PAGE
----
Occasionally, the media latches on to a concept, passes it on the public who latch onto it too and it becomes a phenomenon. We've seen that happen with fads, words and phrases, behaviors and dress and now it's happening again with heroes. We've got way too many of them.
I'm referring specifically to the military, police, and firemen, primarily as an aftermath of 9/11. A hero is defined as a person of distinguished courage or ability, admired for their brave deeds and noble qualities and there certainly were heroes that day in New York City. But just because you wear a uniform doesn't make you one. I worked with 550 other officers on the Tulsa Police Department and we had a few heroes, too.
The key word here is "few." I don't know what their motivation was because we're all motivated by different things, but there was always someone to step up when the situation required it. But most officers didn't and a few even tried to avoid critical situations. It's like that in every arena, every occupation, and every group.
I place genuine heroes in the same category as leaders and we all know the world is made up of far more followers than leaders. Most people are more comfortable taking orders than giving them because when things go wrong, as they often do, they don't want to be blamed for it. In fact, they're the ones that want to point their fingers and blame somebody else, shirking responsibility for their actions because they were just doing what they were told to do.
We can't get into the minds of other people and understand what motivates their behavior, even though we try. But we see behaviors in others every day that go against the grain, that makes no sense, and we don't understand why they did what they did. Is a hero always motivated by the same emotion? Of course they're not. We're motivated by the particular situation we find ourselves in and no situation is ever exactly the same as a previous one. We may be motivated by a true desire to help, or to do something because nobody else will, or to impress our friends, family, or colleagues. And that motivation is different with every situation we encounter.
Heroism is often connected to altruism. Altruism is a selfless act; doing something for someone else with no expectation of anything in return. Falling on a bomb to protect your fellow soldiers, sacrificing yourself to save others, donating large amounts of money to a worthy cause anonymously, serving the community or others selflessly, etc.
But again we don't know what motivates someone to do that. Is it truly altruism or do they do it for some other reason? As in heroism, there's no way to know. We judge people's behaviors all the time but behavior is only part of the puzzle because every behavior is motivated by a thought process. To truly understand the behavior, you also have to understand what was in the person's mind at the time and there's no way we can do that. So we just assume a heroic act was a heroic act because of what we witnessed, without understanding the mindset of the person at all.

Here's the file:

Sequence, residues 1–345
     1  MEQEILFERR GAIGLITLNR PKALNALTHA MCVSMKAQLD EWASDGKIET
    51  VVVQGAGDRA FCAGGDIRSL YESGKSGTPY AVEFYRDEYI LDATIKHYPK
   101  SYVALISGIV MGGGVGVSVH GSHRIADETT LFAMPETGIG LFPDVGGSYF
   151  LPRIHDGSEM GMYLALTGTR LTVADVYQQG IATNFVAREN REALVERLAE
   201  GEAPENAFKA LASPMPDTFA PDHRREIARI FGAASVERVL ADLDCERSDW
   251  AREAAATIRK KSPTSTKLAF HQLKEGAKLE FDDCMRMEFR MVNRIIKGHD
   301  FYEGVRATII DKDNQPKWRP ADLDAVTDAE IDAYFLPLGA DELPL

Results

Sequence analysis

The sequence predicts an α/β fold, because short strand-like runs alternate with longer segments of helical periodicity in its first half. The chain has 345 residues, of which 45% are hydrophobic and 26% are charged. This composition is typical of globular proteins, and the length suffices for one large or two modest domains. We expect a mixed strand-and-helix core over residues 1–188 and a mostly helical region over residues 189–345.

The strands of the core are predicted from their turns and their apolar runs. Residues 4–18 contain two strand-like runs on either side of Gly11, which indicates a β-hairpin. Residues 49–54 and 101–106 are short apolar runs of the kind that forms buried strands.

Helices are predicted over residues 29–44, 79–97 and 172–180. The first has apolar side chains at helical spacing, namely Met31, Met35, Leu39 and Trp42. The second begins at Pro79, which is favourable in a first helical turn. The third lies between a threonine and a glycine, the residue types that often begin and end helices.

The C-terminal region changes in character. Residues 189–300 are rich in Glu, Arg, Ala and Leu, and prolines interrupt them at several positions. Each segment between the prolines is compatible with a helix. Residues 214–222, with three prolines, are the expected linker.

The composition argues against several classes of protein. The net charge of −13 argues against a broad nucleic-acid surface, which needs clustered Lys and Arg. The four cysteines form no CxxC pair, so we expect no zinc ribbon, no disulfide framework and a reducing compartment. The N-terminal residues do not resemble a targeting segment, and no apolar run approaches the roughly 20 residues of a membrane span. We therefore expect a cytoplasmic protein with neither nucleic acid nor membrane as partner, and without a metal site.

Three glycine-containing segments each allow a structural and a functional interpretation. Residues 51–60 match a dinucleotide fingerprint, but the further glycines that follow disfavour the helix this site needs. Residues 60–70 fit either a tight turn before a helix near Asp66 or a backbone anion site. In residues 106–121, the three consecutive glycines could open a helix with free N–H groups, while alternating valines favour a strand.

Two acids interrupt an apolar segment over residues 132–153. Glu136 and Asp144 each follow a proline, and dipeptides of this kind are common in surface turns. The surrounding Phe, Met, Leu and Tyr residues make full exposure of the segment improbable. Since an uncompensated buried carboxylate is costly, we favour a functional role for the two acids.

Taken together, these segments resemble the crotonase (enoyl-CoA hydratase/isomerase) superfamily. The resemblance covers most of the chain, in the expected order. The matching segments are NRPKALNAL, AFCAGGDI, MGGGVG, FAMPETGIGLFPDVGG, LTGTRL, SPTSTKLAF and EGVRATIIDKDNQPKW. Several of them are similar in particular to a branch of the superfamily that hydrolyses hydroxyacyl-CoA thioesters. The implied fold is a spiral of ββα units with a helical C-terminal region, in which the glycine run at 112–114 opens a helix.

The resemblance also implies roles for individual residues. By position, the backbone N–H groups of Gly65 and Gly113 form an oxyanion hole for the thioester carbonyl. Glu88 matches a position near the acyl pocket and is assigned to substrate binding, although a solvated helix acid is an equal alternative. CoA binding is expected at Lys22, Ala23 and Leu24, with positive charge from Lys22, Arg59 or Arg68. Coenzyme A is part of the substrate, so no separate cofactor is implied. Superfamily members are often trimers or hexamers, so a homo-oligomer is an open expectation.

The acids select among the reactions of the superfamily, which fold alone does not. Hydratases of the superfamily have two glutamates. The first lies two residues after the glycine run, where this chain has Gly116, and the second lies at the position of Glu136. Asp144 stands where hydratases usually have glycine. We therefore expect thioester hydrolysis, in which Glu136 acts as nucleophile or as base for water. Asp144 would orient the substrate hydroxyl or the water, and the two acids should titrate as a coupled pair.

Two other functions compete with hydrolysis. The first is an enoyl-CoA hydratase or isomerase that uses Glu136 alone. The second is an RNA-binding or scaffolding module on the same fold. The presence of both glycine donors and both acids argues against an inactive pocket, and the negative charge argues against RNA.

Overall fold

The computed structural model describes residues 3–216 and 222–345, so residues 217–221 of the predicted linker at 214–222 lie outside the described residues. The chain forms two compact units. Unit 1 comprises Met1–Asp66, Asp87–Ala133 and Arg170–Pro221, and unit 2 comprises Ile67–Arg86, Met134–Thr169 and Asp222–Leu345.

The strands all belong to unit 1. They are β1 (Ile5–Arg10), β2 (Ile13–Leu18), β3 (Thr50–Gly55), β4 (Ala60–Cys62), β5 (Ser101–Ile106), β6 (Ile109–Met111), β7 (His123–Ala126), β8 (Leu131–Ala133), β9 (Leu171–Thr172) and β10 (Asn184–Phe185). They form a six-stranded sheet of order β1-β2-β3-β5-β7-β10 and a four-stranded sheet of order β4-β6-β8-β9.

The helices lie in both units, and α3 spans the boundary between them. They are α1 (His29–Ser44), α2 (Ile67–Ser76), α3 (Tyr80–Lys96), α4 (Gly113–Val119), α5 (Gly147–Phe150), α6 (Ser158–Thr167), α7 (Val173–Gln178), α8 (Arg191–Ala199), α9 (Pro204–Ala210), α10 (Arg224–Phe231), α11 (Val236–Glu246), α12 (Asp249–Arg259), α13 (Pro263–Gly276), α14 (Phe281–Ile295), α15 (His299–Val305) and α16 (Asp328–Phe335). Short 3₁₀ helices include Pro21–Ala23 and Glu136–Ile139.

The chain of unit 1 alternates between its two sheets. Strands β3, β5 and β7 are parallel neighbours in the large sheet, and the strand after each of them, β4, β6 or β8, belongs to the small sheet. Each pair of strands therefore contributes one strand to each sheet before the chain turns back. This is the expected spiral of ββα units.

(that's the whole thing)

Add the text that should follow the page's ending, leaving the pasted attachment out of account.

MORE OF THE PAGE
Sometimes there is no mindset, at least not one that we're aware of. Several years ago, when my son, Michael, was living with me and attending MCC, we were driving to Arkansas one Friday night and just east of Sallisaw, Oklahoma, I saw a headlight in the median shining straight up in the sky. I knew immediately that a motorcycle had wrecked and pulled over on the shoulder. About the same time, a trucker driving west spotted it too and pulled his rig over. Michael and I got out of the car and ran across two lanes of traffic to the median, getting there about the same time as the truck driver.
A man was lying next to his overturned cycle gurgling up blood and the trucker and I started alternating chest compressions while another motorist called 911. When Michael saw the condition of the injured cyclist, he returned to the car and stayed there. We continued doing whatever we could do to save the man's life until medical personnel arrived.
Stopping and rendering aid was an intuitive response on my part. Maybe it had to do with the way I was raised or the way I was trained in the police academy. Maybe it had to do with my moral code or my sense of obligation to others. I don't know what made me do it except I knew when I saw the light in the sky that something bad had happened and I had to stop and do whatever I could do. Most of the other people who drove by the accident scene that night didn't stop.
And so, since we're not able to read people's minds, we take acts at face value. If it looks like heroism then it IS heroism.
If it looks like an altruistic act, then it IS an altruistic act. And so, we take the actions of a few and impose that quality on everyone that looks like them. So all soldiers, police officers, and fireman become heroes because of what a few of their brethren did and this denigrates and diminishes the actions of those few brave souls when their individual behaviors are extrapolated out to anyone who looks like them or wears the same uniform.
I've never been one to give respect simply because of a person's status. I was taught as a child that people have to earn respect and so that's how I've always acted. That's why I respect some people in the lower class much more than some people in the upper class.
I see who they are and I know what they do in both groups and, consequently, I respect some and don't respect others.
To preserve the very act of heroism, we have to do the same thing. Respect is reserved for the few, not the many and it has to be earned rather than awarded.